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Saturday 22nd October 2016

'Crisis' of suffering in Darfur

15th November 2006

21072006_darfur1.jpgThe people of the troubled Sudanese region of Darfur are undergoing a crisis of human suffering amid renewed fighting which has forced doctors to withdraw from some areas, according to Medecins Sans Frontieres (MSF).

"MSF has had to reduce its activities due to intensified fighting and mounting insecurity throughout Darfur," Dr. Rowan Gillies, International Council President of the Paris-based humanitarian medical group said in an interview published on the MSF website.

MSF said in the article it had experienced more than 40 violent security incidents, forcing the organisation to close or reduce staff of the majority of its assistance programs in the Jebel Marra region, and can no longer refer surgical patients in western Darfur.

The organisation has also had to postpone relief efforts for some 160,000 people living with little access to assistance or medical care in the town of Seleia.

Meanwhile, in southern Darfur, MSF teams have had to evacuate the towns of Muhajariya and Shariya on numerous occasions.

Gillies recently returned from a visit to the region, where he met Sudanese government officials to express MSF's concerns over the worsening security situation in Darfur as well as to assess the humanitarian needs in the region.

"When it comes to medical data within the so-called islands of assistance - the large displaced persons' camps in the government-controlled towns - that we can actually access, some of the parameters are okay, in terms of nutrition and mortality. However, there is a crisis of human suffering," he said.

"These people have been stuck in these camps for more than 30 months. They cannot go outside of the camp to collect the basic necessities of life like food and water because they have a high risk of being killed or raped. And these are supposed to be the lucky ones; the people who were able to access some assistance."

Gillies said there were many places that MSF couldn't get to because of the security situation.
"We simply don't know how these populations are coping. We recently responded to a displacement of 35,000 people in Muhajariya in southern Darfur. These people had been displaced just in the past three weeks. They have acute needs for water and food. And if they stay displaced they are going to face the same problems of the people who fled their homes in 2004. The situation of the people is what you could describe as medically stable, but humanly, completely unacceptable," he added.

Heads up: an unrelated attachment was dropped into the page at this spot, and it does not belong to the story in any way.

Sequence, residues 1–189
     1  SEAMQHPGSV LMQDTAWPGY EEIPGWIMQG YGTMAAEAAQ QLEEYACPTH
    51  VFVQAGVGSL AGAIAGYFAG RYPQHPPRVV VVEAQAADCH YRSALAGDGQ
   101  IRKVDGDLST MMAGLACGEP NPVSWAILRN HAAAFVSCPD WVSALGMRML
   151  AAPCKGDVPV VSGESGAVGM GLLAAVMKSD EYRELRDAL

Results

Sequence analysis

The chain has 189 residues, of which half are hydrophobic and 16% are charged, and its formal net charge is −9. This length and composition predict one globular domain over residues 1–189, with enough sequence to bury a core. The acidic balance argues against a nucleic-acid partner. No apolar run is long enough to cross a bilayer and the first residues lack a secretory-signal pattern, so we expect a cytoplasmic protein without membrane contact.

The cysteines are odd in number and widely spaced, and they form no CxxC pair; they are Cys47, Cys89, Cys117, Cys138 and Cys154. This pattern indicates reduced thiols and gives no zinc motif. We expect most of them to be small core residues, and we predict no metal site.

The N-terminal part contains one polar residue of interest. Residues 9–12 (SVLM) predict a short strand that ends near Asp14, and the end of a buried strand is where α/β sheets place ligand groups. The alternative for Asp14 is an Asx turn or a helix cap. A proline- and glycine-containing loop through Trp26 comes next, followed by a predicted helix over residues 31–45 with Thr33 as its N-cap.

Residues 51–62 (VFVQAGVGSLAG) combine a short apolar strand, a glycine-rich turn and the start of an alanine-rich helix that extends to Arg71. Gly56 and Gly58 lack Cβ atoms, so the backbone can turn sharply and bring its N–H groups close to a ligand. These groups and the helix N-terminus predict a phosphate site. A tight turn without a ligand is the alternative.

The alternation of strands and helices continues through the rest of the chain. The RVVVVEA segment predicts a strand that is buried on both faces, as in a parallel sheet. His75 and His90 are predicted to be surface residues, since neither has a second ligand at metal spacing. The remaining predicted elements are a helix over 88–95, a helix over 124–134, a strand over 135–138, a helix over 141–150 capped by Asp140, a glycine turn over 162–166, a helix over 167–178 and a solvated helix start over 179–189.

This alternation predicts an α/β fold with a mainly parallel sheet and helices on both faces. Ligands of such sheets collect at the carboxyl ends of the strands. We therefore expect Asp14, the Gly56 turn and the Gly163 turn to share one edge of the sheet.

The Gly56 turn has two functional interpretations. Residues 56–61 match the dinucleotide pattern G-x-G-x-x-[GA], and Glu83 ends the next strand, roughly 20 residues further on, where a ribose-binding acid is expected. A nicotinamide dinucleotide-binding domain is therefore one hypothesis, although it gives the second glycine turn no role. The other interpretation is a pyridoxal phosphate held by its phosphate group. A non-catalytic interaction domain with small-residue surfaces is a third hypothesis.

He called on government officials to do more to prevent violent attacks in the areas they controlled.

"As medical humanitarian workers, we have been forced to make the difficult decision to leave populations that need assistance because it is just too dangerous to try to reach them. And that has happened most recently in the Jebel Marra mountains in the midst of a cholera outbreak, where we had to pull out our teams," Gillies said.

He said MSF had a number of programs that, until recently, were built around a referral system for patients in need of surgery. "But we can no longer transfer these critically ill patients because the roads are too dangerous. In 2004, I drove on most of the main roads in Darfur. Today, all but one of the main roads is too risky to travel on. All staff movements need to be done by plane," he added.

But Gillies stopped short of calling for armed intervention in the region.

"Once you start recommending an armed intervention - especially one that could potentially end up being without the consent of the government - you are essentially recommending that another party should enter the war. As a humanitarian aid agency, that is something we must not advise one way or another. It is not our role to choose sides in a conflict since such actions can put our staff in grave danger and deny the very argument of neutrality that allows us to work in the first place," he said.

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